"Some consider them promising products to help smokers quit traditional cigarettes, while others believe they will re-normalize smoking, which will keep more people smoking," Zhu said.
Although the authors support the Food and Drug Administration's proposed rules that e-cigarette companies be required to list ingredients and nicotine strengths, follow good manufacturing practices to ensure product safety, require child proof e-liquid containers and ban sale to minors, they caution that overly stringent regulations could have unintended consequences. Regulations would likely favor brands with strong financial backing and most of these would be owned by tobacco companies.
"Obviously, tobacco companies would be more concerned with protecting cigarette market share than smaller e-cigarette companies," Zhu said.
Too many regulations run the risk of changing only the market share of different e-cigarette brands rather than reducing the prevalence of smoking, he said. The most important goal in e-cigarette regulation should be to reduce the number of people smoking cigarettes. Cigarettes are the most deadly tobacco product, killing half its users.
Co-authors include Jessica Sun, Erika Bonnevie, Sharon Cummins, Anthony Gamst, Lu Yin and Madeleine Lee, UC San Diego Moores Cancer Center.
Funding for the study came from the National Cancer Institute under the State and Community Tobacco Control Initiative (grant UO1-CA154280).
E-cigarettes far less harmful than cigarettes, says researcher at INFORMS Conference
Rates alcohol most dangerous drug to public, heroin worst for individuals
A London School of Economics researcher examining the public and private dangers of drugs argues against demonizing e-cigarettes in a presentation being given at a conference of the Institute for Operations Research and the Management Sciences (INFORMS). He also calls on public officials to recognize that alcohol causes greater harm than other recreational drugs and more public attention should be paid to controlling its harmful effects.
Lawrence D. Phillips, an emeritus professor at the London School of Economics, will present his research group's findings about the relative risks of different drugs at Advances in Decision Analysis, a conference sponsored by the INFORMS Decision Analysis Society (DAS). The conference takes place June 16-18 at Georgetown University in Washington, DC.
A recent workshop facilitated by Prof. Phillips led a group of researchers to write a letter to the World Health Organization advocating against the classification of e-cigarettes as tobacco. They argued that e-cigarettes should be classified as a device for fighting nicotine addiction. . " It is well known that 'people smoke for the nicotine, but die from the smoke'," he says.
In his upcoming presentation, Prof. Philips draws on a study about drugs in the United Kingdom he co-authored in 2010 that was published in The Lancet. "Drug Harms in the UK: A Multi-Criteria Analysis" has lessons that can be applied in the U.S. and across the world, he says. The 2010 results are based on an expert panel that was called upon to use participants' judgment to assess the relative harm of 20 different drugs. Because the drugs are illegal and data is extremely difficult to obtain, the participants relied on their collective knowledge and experience to score the drugs and a decision analysis model to aggregate the judgments.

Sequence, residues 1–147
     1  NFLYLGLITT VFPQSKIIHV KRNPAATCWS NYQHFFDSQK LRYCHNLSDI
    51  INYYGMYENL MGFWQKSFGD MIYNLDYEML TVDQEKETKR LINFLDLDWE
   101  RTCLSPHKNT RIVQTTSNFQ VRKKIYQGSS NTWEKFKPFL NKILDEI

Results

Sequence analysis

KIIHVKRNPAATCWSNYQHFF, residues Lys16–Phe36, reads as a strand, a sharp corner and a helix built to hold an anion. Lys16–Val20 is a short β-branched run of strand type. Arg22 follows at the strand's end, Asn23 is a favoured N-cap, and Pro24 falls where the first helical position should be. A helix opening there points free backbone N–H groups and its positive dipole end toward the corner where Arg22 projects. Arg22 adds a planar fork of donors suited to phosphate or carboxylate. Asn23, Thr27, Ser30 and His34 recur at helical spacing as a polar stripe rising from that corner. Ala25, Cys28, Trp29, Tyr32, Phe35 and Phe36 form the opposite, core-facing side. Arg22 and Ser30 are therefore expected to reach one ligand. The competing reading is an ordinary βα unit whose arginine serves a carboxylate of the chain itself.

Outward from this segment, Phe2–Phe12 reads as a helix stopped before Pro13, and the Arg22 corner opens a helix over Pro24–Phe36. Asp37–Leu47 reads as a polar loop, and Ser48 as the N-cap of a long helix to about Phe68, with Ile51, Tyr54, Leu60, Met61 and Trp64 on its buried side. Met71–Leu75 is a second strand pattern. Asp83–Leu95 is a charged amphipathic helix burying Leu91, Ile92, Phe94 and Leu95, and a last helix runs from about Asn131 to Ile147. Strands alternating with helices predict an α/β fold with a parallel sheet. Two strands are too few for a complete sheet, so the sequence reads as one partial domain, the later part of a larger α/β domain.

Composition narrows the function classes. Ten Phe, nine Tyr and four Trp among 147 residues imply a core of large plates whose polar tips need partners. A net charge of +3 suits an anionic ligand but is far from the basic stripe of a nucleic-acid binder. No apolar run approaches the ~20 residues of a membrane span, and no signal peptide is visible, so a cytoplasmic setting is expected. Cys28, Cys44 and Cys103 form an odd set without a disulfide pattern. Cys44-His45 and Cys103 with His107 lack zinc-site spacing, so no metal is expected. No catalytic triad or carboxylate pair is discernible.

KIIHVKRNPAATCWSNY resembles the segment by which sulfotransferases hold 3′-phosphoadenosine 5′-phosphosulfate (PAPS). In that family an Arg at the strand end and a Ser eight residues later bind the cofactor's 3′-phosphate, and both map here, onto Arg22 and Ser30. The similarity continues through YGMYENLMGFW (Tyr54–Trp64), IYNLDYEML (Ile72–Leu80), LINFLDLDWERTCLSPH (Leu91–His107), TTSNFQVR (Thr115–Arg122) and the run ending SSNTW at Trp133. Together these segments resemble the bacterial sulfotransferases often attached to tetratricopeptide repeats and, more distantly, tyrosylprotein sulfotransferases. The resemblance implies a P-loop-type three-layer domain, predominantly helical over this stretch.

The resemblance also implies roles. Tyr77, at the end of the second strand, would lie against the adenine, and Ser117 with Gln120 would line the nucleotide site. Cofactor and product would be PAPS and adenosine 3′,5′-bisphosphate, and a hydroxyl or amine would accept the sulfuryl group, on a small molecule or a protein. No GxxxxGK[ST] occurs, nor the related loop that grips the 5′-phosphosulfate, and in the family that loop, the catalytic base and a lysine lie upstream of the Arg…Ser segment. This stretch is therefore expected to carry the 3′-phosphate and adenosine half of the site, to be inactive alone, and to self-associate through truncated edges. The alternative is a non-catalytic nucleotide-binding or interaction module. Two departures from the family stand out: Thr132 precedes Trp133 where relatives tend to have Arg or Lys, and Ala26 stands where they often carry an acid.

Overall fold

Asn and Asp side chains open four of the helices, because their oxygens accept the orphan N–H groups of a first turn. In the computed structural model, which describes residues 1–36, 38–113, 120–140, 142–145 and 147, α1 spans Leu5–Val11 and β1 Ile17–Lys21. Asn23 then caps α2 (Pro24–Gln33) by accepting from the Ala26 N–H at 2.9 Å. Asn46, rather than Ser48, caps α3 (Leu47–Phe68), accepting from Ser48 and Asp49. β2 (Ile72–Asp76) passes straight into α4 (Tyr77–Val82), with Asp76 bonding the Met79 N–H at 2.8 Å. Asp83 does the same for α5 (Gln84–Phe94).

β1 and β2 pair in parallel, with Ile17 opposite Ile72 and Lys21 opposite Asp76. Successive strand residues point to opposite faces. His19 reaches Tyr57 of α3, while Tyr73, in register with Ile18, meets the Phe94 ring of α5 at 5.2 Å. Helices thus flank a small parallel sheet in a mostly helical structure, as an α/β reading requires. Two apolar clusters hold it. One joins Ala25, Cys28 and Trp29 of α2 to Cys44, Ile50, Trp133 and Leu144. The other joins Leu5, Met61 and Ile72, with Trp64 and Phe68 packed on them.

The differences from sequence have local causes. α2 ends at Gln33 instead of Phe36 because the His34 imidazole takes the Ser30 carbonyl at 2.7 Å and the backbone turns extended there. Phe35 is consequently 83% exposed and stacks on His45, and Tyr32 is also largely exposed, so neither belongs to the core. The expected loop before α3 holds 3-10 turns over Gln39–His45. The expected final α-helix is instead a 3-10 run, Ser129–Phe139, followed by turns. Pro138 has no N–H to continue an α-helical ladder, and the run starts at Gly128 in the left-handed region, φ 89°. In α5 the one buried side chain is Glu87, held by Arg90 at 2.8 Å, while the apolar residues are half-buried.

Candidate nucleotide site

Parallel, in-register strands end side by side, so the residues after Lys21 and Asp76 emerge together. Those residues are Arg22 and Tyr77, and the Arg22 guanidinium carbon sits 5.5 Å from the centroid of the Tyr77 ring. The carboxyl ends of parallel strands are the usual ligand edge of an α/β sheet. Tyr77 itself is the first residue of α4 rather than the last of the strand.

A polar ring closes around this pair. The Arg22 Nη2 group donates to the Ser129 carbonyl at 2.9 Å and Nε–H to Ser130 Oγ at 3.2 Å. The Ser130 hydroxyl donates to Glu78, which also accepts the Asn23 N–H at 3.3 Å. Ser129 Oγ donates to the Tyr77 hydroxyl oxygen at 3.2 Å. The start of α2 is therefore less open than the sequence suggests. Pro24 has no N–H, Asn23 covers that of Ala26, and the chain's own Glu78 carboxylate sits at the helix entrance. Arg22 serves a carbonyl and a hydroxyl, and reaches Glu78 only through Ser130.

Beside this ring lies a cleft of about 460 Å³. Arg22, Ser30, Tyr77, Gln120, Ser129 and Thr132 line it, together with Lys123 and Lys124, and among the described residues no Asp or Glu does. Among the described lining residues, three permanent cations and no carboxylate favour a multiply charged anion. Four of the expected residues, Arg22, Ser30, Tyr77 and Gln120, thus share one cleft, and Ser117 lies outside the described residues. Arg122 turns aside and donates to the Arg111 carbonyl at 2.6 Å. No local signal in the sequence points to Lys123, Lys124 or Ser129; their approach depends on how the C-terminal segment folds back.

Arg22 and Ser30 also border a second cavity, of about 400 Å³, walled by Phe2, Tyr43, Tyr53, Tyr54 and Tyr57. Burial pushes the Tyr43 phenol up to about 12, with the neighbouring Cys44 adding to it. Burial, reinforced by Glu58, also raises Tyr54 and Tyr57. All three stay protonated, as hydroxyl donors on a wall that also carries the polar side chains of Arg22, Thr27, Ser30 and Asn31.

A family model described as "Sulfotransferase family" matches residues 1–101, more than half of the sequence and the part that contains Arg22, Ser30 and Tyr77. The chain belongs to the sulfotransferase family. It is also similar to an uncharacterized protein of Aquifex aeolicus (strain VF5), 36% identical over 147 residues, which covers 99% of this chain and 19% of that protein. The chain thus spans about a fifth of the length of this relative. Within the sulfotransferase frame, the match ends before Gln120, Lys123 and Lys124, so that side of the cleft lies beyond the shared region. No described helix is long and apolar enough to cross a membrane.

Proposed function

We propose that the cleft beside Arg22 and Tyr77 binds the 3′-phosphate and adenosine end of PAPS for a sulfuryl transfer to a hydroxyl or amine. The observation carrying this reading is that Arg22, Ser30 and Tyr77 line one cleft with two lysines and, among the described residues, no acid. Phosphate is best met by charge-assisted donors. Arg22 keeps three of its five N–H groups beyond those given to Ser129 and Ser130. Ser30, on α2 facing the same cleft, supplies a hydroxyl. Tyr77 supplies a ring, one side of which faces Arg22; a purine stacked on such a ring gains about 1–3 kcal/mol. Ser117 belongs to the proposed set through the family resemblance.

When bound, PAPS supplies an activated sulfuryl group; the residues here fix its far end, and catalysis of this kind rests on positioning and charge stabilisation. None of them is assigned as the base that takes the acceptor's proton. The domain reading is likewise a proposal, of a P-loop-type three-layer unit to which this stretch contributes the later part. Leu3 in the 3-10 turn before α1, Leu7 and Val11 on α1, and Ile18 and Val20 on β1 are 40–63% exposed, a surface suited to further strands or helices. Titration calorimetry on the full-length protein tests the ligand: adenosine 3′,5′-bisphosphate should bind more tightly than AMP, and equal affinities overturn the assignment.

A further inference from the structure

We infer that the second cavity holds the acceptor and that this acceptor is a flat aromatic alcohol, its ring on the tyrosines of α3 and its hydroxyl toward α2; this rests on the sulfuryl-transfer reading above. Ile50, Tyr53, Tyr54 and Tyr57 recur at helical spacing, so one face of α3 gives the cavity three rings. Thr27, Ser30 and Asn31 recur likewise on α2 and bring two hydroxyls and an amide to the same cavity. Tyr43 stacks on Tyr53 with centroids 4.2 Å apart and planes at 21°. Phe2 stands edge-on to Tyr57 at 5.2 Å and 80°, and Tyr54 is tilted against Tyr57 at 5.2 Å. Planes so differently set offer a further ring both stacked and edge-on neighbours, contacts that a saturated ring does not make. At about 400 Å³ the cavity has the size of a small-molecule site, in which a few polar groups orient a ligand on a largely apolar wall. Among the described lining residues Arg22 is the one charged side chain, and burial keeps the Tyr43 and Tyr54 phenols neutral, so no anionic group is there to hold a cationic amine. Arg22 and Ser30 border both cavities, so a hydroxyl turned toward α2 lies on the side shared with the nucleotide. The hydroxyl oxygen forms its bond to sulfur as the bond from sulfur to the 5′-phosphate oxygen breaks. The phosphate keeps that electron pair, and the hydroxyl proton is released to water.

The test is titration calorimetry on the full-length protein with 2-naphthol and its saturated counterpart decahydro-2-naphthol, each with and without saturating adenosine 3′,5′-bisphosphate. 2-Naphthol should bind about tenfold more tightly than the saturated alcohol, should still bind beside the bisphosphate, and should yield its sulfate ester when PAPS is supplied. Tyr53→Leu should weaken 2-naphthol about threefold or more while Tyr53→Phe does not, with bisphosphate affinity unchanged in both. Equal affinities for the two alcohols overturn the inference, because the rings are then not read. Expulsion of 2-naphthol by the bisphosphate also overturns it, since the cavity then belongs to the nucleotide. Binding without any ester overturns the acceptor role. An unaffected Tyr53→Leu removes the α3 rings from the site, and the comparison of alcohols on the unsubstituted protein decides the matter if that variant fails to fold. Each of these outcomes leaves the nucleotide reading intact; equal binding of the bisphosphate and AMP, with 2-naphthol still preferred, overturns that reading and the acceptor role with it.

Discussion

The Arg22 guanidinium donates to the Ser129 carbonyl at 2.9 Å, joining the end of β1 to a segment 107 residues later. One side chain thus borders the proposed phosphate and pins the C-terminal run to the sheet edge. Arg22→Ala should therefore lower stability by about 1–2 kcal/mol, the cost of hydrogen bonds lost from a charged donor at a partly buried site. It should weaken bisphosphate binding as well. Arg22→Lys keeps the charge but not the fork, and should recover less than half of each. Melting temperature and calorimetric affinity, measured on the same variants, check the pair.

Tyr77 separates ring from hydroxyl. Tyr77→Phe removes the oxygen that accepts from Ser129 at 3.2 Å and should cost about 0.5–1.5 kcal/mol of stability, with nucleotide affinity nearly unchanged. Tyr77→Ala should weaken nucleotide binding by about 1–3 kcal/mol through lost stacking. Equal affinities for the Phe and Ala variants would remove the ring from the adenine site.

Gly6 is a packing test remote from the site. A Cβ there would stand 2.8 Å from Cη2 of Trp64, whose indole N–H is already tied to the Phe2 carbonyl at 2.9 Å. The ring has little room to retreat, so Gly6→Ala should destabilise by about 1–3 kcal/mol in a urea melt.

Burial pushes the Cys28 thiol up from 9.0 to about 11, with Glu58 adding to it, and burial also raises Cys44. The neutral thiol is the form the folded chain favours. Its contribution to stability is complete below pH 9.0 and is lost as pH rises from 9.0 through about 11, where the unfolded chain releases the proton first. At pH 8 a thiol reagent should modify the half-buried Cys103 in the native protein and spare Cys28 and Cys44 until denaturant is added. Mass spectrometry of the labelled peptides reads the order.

Similar results were obtained in 2013 among a group assessing drug risk in Europe. A .993 correlation between the two panels, which contained different sets of experts, is considered extremely high.
A 2013 expert panel about the relative harm of 12 nicotine products named cigarettes the most harmful but ranked e-cigarettes near the bottom, in ninth place. Prof. Phillips explores its results in his presentation at Georgetown University.
The various panels used decision analysis to determine psychological, physical and social harm to users and to those around them. Members of the United Kingdom's Independent Scientific Committee on Drugs scored 20 drugs on 16 criteria.
Decision analysis of the UK panel ratings showed that heroin, crack cocaine, and methamphetamine were the most harmful drugs to individuals (scoring 34, 37, and 32, respectively). Alcohol, heroin, and crack cocaine were the most harmful to others (46, 21, and 17).
Overall, alcohol was the most harmful drug (overall harm score 72), with heroin (55) and crack cocaine (54) in second and third places. Similar results were found when analyzing the continental Europe panel.
Several experts from the drug harm workshop, including The Lancet study's co-author David Nutt, the Edmund J Safra Professor of Neuropsychopharmacology and Head of the Department of Neuropsychopharmacology and Molecular Imaging at Imperial College London, have called on British and international health organizations like WHO to adjust their guidelines about dangerous drugs based on the findings.
In the 2010 paper, they write, "the present drug classification systems have little relation to the evidence of harm. They also accord with the conclusions of previous expert reports that aggressively targeting alcohol harms is a valid and necessary public health strategy."